The world of mergers and acquisitions and special-situation investing never ceases to evolve. The case of Raytheon Co. (NYSE: RTN) and United Technologies Corp. (NYSE: UTX) fits right in the middle of M&A and special situations.
An announcement on Friday indicated that the shareholders of both companies had voted “overwhelmingly to approve all of the proposals necessary to complete the merger of equals transaction.”
Investors may find this transaction as a tad more interesting than other mergers and spin-offs because UTC is a member of the Dow Jones industrial average. UTC also currently has roughly a 3.4% weighting inside the Dow, with the Dow’s 30 members being weighted solely by share price rather than by the market-capitalization method of almost all other major stock indexes.
A traditional business combination or merger would have just made UTC a larger conglomerate. Raytheon’s market capitalization of $55 billion is not even half of the $117 billion for UTC.
As for the special situation theme, it will unlock value form the combination of UTC aerospace businesses (Collins Aerospace and Pratt & Whitney) with Raytheon into the new Raytheon Technologies Corporation as a pure-play in aerospace and defense. UTC is spinning off the Otis (elevators) and Carrier (heating and air conditioning) businesses.
According to the newest release, this transaction is expected to close during the first half of 2020. The merger is still subject to regulatory approvals and the separation of those two businesses.
It remains to be seen how the dividends will be handled after the merger and separations. UTC just approved its $0.735 per common share quarterly dividend a day earlier, and its dividend yield now is roughly 2.2%. Raytheon has a 1.9% dividend yield.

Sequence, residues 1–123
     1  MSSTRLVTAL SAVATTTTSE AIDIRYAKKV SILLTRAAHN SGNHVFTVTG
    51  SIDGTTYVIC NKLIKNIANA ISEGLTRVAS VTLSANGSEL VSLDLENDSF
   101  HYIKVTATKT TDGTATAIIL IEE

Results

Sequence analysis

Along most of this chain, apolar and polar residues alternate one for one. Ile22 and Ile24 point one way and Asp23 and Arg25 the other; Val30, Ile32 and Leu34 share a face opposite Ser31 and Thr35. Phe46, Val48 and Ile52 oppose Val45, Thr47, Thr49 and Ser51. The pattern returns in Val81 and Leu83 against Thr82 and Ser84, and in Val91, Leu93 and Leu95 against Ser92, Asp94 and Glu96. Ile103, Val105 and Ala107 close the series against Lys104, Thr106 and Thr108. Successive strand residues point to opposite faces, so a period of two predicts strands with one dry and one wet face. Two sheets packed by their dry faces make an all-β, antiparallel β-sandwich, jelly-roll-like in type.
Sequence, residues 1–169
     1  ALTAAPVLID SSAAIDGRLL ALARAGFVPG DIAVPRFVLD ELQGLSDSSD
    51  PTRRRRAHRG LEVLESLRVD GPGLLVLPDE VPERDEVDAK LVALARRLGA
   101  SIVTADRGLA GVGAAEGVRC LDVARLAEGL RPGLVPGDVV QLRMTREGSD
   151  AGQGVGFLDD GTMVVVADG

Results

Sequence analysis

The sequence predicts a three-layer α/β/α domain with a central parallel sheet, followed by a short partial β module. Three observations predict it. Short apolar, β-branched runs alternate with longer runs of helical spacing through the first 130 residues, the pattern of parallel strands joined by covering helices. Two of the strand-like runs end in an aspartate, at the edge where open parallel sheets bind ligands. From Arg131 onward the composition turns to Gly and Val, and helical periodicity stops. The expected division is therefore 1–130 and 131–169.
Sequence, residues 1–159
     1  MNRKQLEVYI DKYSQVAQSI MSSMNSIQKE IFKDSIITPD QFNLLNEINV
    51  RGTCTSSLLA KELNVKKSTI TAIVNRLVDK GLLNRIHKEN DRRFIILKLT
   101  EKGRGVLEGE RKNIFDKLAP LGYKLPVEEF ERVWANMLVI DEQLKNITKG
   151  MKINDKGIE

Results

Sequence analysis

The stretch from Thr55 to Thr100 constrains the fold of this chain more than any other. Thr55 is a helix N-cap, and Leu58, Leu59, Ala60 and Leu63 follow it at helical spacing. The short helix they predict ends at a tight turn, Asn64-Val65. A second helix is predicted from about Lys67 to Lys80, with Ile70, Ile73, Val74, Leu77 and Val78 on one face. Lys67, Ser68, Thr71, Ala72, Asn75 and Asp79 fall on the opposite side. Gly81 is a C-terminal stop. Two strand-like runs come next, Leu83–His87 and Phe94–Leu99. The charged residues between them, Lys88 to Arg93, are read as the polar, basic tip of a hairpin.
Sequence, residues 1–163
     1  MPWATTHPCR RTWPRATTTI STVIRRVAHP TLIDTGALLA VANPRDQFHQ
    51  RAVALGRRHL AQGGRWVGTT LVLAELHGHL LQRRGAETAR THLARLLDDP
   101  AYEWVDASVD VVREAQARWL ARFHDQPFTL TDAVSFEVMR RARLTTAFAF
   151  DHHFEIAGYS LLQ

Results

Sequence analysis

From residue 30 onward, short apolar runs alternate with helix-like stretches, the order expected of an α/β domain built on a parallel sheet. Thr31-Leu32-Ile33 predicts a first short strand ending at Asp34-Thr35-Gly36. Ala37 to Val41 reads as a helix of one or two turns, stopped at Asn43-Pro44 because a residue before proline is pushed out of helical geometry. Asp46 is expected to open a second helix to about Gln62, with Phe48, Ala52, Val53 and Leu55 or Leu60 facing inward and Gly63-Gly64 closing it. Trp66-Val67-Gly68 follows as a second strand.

It is always interesting to see how these special situations pan out, and evaluating a chart on the company’s past may prove to be a futile effort in the future.
Raytheon was last seen down 0.1% at $198.41 a share, and UTC traded up 1.7% at $136.20.
For the ultimate question: If Carrier and Otis are going out on their own, and UTC and Raytheon are entering into a merger of equals in aerospace and defense, which company of these mentioned or outside companies will become the newest member of the Dow Jones industrials? Will the aerospace and defense combined operation remain in the Dow, or will the indexes team want to replace it with a new company entirely?
Before thinking this is not an issue for index watchers, think of all the former Dow stocks that had previously or after the fact witnessed many key changes. General Electric was simply booted, but other former Dow members such as Hewlett-Packard, Alcoa, DowDuPont, AT&T, Kraft Foods, AIG, Altria have all seen major changes over time.
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